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September 1, 2014
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On "Becoming Obsessive"


I especially took issue with one commenter to this post who said those of us checking our sugar "that often" need to see a shrink. By checking "that often" our sugars are more likely in check than not.

While I don't always follow this advice, I believe -- and doctors advise -- that if you take fast-acting insulin you should test your blood sugar a minimum of six times a day. That would be fasting, after breakfast, before and after lunch, and before and after dinner. If you test only after meals, then you may over- or under-bolus for a meal. I believe the same principles apply for those who take only long-acting insulin.

The objective is to watch for patterns, to see how your body reacts to certain foods and activities. If you don't test your sugar often -- at the absolute bare minimum of fasting and after every meal -- then how can you truly have an accurate picture of what's going on in your body?

I think there is almost always a need to check your sugar -- post meal, pre-meal, watching for a high to come down, watching for a low to come up, before bed to make sure you're not too low to go to sleep among other highly needed checks.

You're right, not all of us eat right all the time and not all of us trust our bodies to do what we think it will do all the time, which is yet another compelling argument to check your sugar often, to be your version of obsessive.

Some commenters took offense to the term "obsessive." No matter which way I think about this, I think we have to be some version of obsessive. Not to the point where we focus only on blood sugar testing and it makes us crazy, but definitely to the point where we have a clear understanding of what's going on. And if that means testing 15 days a day, then so be it. How else can you be proactive about getting and keeping a healthy A1C and preventing potential complications?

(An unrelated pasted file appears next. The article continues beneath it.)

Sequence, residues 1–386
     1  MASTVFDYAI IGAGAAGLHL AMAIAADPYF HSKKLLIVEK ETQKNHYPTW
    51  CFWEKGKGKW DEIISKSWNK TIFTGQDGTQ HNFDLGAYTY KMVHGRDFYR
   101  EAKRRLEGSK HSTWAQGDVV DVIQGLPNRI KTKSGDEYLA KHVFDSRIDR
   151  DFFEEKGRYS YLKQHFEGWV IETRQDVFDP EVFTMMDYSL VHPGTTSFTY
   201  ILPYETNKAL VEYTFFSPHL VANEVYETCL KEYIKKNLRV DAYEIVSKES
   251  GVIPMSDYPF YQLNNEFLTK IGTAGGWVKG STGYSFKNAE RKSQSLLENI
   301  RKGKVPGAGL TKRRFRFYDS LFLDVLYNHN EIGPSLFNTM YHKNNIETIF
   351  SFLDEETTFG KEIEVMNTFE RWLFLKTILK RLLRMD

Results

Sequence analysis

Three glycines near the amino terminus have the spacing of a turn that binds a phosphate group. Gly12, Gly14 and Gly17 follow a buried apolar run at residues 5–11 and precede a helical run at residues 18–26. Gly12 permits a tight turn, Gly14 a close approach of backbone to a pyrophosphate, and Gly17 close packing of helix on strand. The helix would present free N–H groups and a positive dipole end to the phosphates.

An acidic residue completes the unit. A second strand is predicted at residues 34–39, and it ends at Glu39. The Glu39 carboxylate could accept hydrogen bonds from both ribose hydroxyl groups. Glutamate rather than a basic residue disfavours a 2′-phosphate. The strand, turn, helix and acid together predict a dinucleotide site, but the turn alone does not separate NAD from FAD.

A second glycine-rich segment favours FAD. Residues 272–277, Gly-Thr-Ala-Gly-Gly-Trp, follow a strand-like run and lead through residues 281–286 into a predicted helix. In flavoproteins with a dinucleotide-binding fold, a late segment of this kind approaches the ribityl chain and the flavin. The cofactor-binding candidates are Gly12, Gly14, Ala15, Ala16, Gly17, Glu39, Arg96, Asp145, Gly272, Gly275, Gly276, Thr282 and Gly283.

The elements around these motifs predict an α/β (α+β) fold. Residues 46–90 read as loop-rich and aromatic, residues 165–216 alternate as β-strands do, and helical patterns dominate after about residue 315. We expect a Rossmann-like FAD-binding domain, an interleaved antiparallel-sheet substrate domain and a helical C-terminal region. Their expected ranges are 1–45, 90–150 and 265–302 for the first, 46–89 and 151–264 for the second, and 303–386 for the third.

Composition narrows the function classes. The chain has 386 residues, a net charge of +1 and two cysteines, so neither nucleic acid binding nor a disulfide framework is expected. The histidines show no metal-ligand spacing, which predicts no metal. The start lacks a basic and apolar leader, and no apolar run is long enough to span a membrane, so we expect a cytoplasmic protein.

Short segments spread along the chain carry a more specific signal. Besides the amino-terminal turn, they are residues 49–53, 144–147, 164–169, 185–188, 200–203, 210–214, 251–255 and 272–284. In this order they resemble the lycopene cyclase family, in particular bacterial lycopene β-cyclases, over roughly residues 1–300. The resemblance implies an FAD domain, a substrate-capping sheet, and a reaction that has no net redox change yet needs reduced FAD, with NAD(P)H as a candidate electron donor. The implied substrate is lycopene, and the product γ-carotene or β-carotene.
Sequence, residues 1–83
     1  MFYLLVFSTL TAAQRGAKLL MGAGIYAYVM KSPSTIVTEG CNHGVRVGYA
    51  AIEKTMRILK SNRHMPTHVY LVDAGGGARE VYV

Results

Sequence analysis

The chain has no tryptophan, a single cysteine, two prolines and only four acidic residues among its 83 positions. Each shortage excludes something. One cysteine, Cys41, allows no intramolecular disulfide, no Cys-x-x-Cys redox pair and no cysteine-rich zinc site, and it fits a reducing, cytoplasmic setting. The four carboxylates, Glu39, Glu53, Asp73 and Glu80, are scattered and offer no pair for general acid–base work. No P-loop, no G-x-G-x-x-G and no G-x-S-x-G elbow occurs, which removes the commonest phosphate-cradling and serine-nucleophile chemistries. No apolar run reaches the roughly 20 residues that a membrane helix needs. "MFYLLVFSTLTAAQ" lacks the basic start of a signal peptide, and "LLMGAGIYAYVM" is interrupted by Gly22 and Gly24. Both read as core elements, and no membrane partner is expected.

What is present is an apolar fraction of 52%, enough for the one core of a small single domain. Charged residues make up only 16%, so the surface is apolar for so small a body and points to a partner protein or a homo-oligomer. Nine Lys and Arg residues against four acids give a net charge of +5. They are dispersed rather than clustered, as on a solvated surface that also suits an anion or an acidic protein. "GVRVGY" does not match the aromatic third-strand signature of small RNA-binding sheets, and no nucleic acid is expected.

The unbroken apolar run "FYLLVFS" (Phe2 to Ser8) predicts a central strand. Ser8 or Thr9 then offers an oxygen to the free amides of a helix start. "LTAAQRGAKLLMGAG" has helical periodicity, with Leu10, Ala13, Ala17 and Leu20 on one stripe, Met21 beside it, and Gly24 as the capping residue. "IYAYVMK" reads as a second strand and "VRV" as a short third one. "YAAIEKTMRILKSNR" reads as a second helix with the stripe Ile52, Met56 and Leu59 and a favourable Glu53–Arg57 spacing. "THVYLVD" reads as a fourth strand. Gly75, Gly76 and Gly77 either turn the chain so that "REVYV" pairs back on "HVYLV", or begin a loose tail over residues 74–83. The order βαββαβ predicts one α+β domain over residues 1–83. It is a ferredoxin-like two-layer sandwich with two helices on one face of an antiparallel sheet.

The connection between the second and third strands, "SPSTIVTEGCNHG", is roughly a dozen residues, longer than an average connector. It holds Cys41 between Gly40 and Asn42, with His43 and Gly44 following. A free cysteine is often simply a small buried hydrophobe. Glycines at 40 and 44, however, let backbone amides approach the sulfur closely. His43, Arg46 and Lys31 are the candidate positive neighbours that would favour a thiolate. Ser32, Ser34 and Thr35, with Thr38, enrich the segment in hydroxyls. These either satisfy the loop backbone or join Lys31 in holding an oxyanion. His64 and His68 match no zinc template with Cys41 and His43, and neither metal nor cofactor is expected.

Ideally, at a minimum, I would check: fasting, after breakfast, before and after lunch, before and after dinner, bedtime, before driving. That's a minimum of 8 tests per day assuming my only driving is to and from work. I often test mid-morning and mid-afternoon just to get a sense of where I am. That puts me at 9 or 10 tests per day.

 

And then there's extra testing if you exercise or just walk around the grocery store or wrestle with the kids. There's always a need to know where your sugar is.

 

Does all that testing qualify me to see a shrink? I don't think so.



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Megan Holmes
Megan Holmes Megan was diagnosed in 2009 with Type I. As an RN, she was familiar with the medical side of her diagnosis; learning to be a good patient on the other hand, was and continues to be the challenge of her day to day life.   (Read More)
Michelle Kowalski
Michelle Kowalski Michelle Kowalski, a writer, editor and photography hobbiest living in Phoenix, was diagnosed with Type 2 diabetes in February 2005. In January 2008, as part of her quest to start on an insulin pump, Michelle learned that she actually has type 1 diabetes.   (Read More)
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